To be honest, these cherry lime hand pies have zero to do with Brett’s birthday. He’s already requested mint chocolate sandwich cookies for his special day, but I’m sharing this recipe with you today because these little pies remind me of my bowl of cherries life that I live with him- different from how we both imagined it would be, but sweet and beautiful none the less. He’s proof that it’s okay to write in pencil and to trust in something bigger to jot out your endings. So happy birthday, you old man. These pies are for you.

Cherry Lime Hand Pies Recipe by The Wood and Spoon Blog by Kate Wood. This mini hand pies are personal pop tart desserts filled with ripe summer black and red cherries and zesty lime. A great alternative to fried pies, these desserts are sweet, make ahead, and use a buttery, homemade pie crust that gets flaky and delicious. The recipe is simple but learn all about how to make hand pies and homemade pop-tarts here on thewoodandspoon.com

I was inspired to make these cherry lime hand pies because of a certain sparkling beverage at America’s favorite chain drive-in. Cherry limeade will forever be the one non-alcoholic, non-milkshake beverage that I am willing to spend calories on, because, let’s be honest- it’s delicious. When summer’s bounty of cherries rolls through, I’m tempted to throw them all in a pie and be done with it, but these cherry lime hand pies are a cheeky and fun way to celebrate those juicy reds. So let’s dive in!

To start, we need a perfect pie crust. No ordinary pie crust will do, so obviously we will make my favorite, perfect every time pie crust. You can make this ahead of time and freeze, if desired, or just make it a couple of hours in advance so that the dough can chill well. Next, we move on to the filling. Fresh cherries, lime zest, and a bit of cornstarch and sugar round out the majority of the ingredients. They all cook, popping and bubbling, on the stovetop until the whole lot of it becomes thick, rich, and syrupy sweet. Allow the mixture to cool in the fridge completely before you start to assemble your pies.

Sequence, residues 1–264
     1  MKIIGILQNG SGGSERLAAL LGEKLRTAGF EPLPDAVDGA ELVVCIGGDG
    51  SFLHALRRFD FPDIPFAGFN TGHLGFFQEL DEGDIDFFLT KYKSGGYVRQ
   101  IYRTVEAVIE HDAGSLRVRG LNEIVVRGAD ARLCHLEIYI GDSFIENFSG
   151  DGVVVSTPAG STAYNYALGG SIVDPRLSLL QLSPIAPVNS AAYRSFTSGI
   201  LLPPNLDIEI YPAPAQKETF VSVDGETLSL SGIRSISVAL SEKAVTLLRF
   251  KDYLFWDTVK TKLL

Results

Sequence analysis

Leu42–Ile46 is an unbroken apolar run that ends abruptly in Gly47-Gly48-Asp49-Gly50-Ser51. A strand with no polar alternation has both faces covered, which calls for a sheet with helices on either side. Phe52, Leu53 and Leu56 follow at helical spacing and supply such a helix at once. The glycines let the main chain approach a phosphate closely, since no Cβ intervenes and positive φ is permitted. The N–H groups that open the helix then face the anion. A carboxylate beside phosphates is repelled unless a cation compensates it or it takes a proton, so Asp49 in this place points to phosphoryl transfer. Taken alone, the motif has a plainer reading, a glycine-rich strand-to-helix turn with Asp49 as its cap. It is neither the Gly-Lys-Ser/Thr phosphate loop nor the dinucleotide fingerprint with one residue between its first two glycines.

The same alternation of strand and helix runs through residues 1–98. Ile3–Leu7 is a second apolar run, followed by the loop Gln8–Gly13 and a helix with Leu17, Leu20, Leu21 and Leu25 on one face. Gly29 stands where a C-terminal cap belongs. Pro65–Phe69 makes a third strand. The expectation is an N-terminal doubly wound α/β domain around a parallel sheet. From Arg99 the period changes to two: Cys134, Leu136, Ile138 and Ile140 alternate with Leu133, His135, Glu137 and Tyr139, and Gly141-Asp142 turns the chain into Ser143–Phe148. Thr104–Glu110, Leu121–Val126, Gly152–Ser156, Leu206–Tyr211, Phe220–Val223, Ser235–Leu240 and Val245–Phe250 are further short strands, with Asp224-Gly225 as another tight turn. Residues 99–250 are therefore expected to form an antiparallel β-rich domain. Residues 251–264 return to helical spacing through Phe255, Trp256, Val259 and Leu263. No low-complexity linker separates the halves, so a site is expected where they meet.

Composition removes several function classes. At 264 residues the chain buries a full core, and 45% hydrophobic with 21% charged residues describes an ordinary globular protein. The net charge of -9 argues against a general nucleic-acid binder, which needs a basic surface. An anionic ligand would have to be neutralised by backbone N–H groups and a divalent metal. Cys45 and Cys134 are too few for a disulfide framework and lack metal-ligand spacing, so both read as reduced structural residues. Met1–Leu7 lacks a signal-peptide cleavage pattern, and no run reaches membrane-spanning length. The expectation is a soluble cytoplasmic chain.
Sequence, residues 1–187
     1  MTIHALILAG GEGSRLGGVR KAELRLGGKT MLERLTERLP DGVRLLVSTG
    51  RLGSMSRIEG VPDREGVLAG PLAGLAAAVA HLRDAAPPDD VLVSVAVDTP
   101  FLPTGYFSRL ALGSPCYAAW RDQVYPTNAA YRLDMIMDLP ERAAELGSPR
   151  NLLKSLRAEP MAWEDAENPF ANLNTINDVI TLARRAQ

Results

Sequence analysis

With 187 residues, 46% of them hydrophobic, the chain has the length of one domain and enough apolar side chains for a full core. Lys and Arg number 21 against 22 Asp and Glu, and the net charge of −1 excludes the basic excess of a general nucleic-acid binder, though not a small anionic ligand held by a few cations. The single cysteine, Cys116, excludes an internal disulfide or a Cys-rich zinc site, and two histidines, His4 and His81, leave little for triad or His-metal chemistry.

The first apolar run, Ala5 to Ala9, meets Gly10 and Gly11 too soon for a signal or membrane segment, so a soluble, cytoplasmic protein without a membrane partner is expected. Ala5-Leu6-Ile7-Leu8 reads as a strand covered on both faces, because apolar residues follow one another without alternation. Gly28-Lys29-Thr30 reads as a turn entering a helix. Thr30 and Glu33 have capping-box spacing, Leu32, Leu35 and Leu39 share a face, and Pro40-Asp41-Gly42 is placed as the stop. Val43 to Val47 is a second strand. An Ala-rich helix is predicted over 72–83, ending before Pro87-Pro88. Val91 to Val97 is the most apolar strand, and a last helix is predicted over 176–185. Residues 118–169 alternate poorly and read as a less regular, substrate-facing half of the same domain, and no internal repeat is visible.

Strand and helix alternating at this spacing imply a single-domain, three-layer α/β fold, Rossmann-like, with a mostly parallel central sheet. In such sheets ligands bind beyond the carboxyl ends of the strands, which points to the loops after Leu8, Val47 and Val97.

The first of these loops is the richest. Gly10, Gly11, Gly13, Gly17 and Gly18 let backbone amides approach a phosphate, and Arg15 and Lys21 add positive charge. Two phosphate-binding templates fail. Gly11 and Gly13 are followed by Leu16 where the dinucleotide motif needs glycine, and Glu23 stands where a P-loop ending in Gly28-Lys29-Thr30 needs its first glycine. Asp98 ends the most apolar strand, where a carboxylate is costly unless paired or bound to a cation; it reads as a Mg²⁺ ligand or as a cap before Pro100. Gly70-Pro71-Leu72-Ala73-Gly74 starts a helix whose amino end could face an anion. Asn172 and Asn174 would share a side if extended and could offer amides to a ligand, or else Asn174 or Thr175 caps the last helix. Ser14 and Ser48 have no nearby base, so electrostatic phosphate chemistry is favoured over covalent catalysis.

Cherry Lime Hand Pies Recipe by The Wood and Spoon Blog by Kate Wood. This mini hand pies are personal pop tart desserts filled with ripe summer black and red cherries and zesty lime. A great alternative to fried pies, these desserts are sweet, make ahead, and use a buttery, homemade pie crust that gets flaky and delicious. The recipe is simple but learn all about how to make hand pies and homemade pop-tarts here on thewoodandspoon.com

When you’re reading to start shaping and filling your cherry lime hand pies, roll out the dough to a thin sheet. Use a large biscuit cutter or a sharp rim of a glass to trim out rounds of dough. Plop a scoop of cherry lime filling right in the middle, and fold the dough over itself, crimping and sealing the edges as you go along. I use a rotary pastry cutter like this to crimp and seal my pies. Give each pie a brush of egg wash and a sprinkle of sugar for color and crunch and then bake them away in a super hot oven.

Cherry Lime Hand Pies Recipe by The Wood and Spoon Blog by Kate Wood. This mini hand pies are personal pop tart desserts filled with ripe summer black and red cherries and zesty lime. A great alternative to fried pies, these desserts are sweet, make ahead, and use a buttery, homemade pie crust that gets flaky and delicious. The recipe is simple but learn all about how to make hand pies and homemade pop-tarts here on thewoodandspoon.com

Once baked and slightly cooled, these cherry lime hand pies are flaky, buttery, and full of super sweet juicy fruit. The lime isn’t the star of the show here, so don’t expect a tart hand pie. Instead, you’ll find that subtle lime flavor, cozied up in the background of those syrupy cherries, taking the edge off of what would otherwise be an ultra sweet dessert. Each bite of fruit is surrounded on both sides by flaky pastry, so you can celebrate that extra measure of buttery, flaky goodness. Who doesn’t love the crust the most anyways? So do yourselves a favor- skip the pies and jump straight to the hand pies. Personal dessert, no sharing, extra crust, summer fruit, everyone wins… you get the picture. 

Cherry Lime Hand Pies Recipe by The Wood and Spoon Blog by Kate Wood. This mini hand pies are personal pop tart desserts filled with ripe summer black and red cherries and zesty lime. A great alternative to fried pies, these desserts are sweet, make ahead, and use a buttery, homemade pie crust that gets flaky and delicious. The recipe is simple but learn all about how to make hand pies and homemade pop-tarts here on thewoodandspoon.com

If you want an alternative to those summer fruit pies, I hope you’ll give these cherry lime hand pies a try. Make them for your next summer picnic or backyard shindig and think of me when you dive into all that ripe summer deliciousness. Oh, and don’t forget that there is still time to nominate blogs for the legendary Saveur Blog Awards. If you love the recipes, photos, and TMI life stories that you find on this site, I hope you’ll consider nominating moi. Love you guys times a million, always. 

If you like these cherry lime hand pies, check out:

Cranberry Pear Mini Pop-Tarts